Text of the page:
Christmas 2ABC Sermon (2005)

2nd Sunday after Christmas
Texts: John 1:1-18;
Jer. 31:7-14; Eph 1:3-14


I have been overwhelmed this week. I can’t imagine 125,000 people dead. Can you? I can’t imagine mass graves, unidentified bodies, missing persons by the tens of thousands … I can’t imagine … I don’t know how to think about such things.

3,000-5,000 people dead after 9/11 seemed unbelievable … this disaster doesn’t even have words…. It is unimaginable. I remember reading the back page of the New York Times after 9/11, when for weeks on end they had a paragraph or two about every person killed in the World Trade Center. One-by-one we could begin to imagine the tragedy of such loss, and that could be overwhelming. But over one hundred thousand people dead? I began to look at some of the pictures this week. Grief-stricken parents holding children in their arms. I couldn’t begin to imagine. I was overwhelmed. I had to stop.

The questions that arise in such a week are great. How can we not be so overwhelmed to the point of at least being moved enough to respond? But if we are moved or touched … then what do we do? The need is so great, again, so unimaginable. President Bush couldn’t imagine it when his first response was to pledge $35 million. He has since made that ten-fold, $350 million. I suspect even that won’t begin to touch it.

Then there’s the questions as people of faith. Questions that test one’s faith: What does this mean? What does this mean for my life? Where, O where, is God in the midst of such tragedy? Why can’t God stop tragedies of such magnitude? How could God let this happen?

I would like to try to at least start answering such questions, as we have texts before us this morning that give big answers. The first chapter of the Letter to the Ephesians puts God’s promises in Jesus Christ in the biggest possible context, from the beginning to the end of the world. In Jesus Christ, we read, that God “has made known to us the mystery of his will, … as a plan for the fullness of time, to gather up all things in him, things in heaven and things on earth.” The same big time-frame is present in the Gospel Lesson from John. Jesus Christ, God’s Word of Love made flesh, has been present since before the world was began. Then, again, why do such tragedies take place? How can a loving God let such things happen?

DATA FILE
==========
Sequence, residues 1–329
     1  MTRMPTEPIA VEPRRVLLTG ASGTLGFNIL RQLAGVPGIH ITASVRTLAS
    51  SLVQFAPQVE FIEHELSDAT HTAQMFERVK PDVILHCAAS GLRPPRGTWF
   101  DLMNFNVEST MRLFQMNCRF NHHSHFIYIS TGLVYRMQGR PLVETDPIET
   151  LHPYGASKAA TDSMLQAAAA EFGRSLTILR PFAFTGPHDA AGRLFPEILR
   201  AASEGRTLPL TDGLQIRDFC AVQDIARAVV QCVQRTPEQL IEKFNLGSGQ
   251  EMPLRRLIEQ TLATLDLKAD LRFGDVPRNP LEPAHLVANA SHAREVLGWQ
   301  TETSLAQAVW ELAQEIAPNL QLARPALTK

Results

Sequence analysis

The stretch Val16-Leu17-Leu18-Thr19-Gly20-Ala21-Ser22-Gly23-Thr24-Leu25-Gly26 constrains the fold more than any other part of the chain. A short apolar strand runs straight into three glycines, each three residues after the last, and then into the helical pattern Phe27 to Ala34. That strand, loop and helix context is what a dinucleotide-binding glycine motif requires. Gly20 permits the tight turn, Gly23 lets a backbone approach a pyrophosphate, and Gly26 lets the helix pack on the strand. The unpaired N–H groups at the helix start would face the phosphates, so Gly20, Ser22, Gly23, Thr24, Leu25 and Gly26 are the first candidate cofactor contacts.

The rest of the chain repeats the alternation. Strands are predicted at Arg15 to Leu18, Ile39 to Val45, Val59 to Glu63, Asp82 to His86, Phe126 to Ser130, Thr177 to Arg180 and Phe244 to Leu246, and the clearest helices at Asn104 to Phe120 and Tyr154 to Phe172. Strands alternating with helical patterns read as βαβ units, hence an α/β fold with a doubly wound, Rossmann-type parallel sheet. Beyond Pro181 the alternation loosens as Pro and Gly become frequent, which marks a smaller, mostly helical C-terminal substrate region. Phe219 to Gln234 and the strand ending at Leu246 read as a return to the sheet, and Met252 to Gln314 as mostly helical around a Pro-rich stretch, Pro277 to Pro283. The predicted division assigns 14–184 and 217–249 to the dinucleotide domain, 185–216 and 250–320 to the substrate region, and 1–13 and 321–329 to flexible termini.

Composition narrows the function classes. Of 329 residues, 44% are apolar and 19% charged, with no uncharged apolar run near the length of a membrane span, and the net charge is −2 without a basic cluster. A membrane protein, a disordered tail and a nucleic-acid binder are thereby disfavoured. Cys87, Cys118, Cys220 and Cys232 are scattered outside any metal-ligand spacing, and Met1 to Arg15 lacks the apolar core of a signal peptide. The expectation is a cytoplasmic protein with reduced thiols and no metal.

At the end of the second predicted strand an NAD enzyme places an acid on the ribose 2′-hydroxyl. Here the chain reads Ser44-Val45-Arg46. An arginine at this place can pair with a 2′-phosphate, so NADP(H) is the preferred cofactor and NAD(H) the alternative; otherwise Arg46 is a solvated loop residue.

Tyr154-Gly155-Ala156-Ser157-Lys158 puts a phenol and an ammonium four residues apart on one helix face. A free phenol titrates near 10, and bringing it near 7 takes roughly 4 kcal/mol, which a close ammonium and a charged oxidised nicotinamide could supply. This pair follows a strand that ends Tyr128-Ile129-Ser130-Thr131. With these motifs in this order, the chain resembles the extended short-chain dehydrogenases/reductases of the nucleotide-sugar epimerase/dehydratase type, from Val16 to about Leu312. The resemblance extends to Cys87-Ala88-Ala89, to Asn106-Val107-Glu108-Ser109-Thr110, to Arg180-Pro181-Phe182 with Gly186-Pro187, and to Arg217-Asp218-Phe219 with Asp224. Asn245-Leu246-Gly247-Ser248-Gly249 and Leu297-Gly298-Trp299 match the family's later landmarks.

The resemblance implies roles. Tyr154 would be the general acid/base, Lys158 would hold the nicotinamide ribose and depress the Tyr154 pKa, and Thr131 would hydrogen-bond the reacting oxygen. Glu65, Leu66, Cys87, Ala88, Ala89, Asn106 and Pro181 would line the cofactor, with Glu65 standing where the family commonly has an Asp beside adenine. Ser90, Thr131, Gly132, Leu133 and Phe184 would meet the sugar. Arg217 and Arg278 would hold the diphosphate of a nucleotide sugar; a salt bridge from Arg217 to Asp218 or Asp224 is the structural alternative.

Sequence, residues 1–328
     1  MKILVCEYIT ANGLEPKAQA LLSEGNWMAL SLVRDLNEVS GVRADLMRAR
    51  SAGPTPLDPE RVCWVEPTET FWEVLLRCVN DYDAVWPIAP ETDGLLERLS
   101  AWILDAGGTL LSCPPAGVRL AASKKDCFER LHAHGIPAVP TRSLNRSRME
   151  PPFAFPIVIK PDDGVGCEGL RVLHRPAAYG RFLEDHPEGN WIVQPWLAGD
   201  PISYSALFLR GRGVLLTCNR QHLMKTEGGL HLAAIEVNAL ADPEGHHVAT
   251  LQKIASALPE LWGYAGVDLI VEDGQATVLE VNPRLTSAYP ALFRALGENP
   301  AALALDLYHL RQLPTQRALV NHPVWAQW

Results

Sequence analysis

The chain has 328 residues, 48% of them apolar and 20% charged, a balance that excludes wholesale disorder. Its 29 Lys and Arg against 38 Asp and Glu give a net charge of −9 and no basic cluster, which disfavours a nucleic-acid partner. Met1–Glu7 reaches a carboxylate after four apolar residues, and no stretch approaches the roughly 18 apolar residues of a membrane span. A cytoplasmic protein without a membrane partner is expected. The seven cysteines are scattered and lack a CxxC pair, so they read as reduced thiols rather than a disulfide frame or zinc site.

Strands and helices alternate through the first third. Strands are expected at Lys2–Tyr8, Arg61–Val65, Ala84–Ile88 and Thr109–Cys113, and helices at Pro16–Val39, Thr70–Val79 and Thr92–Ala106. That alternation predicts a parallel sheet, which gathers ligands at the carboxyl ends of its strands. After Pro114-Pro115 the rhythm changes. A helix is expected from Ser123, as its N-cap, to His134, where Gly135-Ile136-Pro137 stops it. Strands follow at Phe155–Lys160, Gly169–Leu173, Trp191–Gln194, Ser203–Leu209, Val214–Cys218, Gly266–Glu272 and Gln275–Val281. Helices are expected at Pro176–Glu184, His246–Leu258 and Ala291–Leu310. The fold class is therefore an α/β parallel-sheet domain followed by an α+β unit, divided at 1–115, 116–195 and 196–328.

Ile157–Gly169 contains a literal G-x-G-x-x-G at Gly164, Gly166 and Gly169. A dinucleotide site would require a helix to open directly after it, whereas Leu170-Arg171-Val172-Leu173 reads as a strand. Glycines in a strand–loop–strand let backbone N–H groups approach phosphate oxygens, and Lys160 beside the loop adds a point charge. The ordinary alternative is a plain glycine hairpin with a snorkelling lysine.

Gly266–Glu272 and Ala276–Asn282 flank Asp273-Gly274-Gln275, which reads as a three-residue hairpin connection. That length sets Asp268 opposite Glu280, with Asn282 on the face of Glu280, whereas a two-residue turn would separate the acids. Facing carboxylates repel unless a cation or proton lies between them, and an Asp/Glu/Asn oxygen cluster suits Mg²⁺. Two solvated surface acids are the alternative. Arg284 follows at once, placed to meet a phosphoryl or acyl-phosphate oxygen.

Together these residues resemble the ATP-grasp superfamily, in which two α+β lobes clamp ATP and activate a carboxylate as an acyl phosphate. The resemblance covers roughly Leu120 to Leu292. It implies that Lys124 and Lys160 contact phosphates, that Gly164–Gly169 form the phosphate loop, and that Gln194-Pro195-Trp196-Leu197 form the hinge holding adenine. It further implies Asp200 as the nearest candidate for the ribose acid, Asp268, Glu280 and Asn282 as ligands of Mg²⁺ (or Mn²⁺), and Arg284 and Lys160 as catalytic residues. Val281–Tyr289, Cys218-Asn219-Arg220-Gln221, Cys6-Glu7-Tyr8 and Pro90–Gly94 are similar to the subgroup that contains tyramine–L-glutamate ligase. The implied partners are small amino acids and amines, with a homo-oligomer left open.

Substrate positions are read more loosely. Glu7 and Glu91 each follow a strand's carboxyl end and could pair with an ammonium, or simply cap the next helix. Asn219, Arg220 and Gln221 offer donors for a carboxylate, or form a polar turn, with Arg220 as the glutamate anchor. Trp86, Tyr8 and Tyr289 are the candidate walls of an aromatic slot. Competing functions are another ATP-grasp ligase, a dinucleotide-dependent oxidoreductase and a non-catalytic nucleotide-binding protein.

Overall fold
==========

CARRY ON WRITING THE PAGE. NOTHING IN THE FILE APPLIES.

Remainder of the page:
There is an answer of faith to such questions. But first it might be helpful to understand what kind of answers are on the wrong track. For many people of faith their answer begins with God being “in control.” Like fate, God determines all that is, so there must be a reason for everything. The notion that all is planned gives comfort to many. It is a kind of fatalism. I can begin adjusting. I can’t change things, but I can let things be. Maybe I can begin to accept them.

But the ethical problems are huge with this sort of answer, aren’t they? At worst, it leads to moralizing in ways that can blame the victims: we can begin to think, under the pressure of this sort of answer, that God was punishing those on whom tragedy befalls. There are some who will think that this tsunami was God’s curse.

But even if we don’t make such moralizing leaps, it makes as little sense to claim that God sends tsunamis as it does to claim that God sends invading cancer. In fact, the magnitude of such a disaster throws a shadow of doubt on all our smaller, individual tragedies. Perhaps I could come to accept such fate for a loved one with cancer. Perhaps God could have a reason for that. But over 100,000 people dead in one earthquake and tsunami? How could God possibly have a reason for that? No, the God of love in Jesus Christ couldn’t possibly have a reason for sending such a deadly tsunami. Nor could that God send invading cancer to my loved one. So the first part of our answer this morning — a huge first step that the Christian faith makes possible — is to give up the idea of God controlling everything. That’s not the God of love we see in the cross of Jesus. God is not in control of everything. God lets many terrible things happen — much as God let the Son die of the cross.

But if God is not in control of everything, then is God in control of anything? Many modern people of today, as they feel the impact of tragedies of great magnitude — whether it is a natural disaster such as this tsunami, or the even greater mystery of genocides such as the Nazis, or in Rwanda, or today in Sudan — the magnitude of such unthinkable tragedies cause many to lose faith in God altogether. If God doesn’t control everything, then God has lost control of everything. Perhaps God never existed. And the universe is simply unraveling according to blind fate. Any sort of reason or rationality that we may think we see is just an illusion. Our lives have no meaning. Tragedies as big as this week’s tsunami seem to confirm that.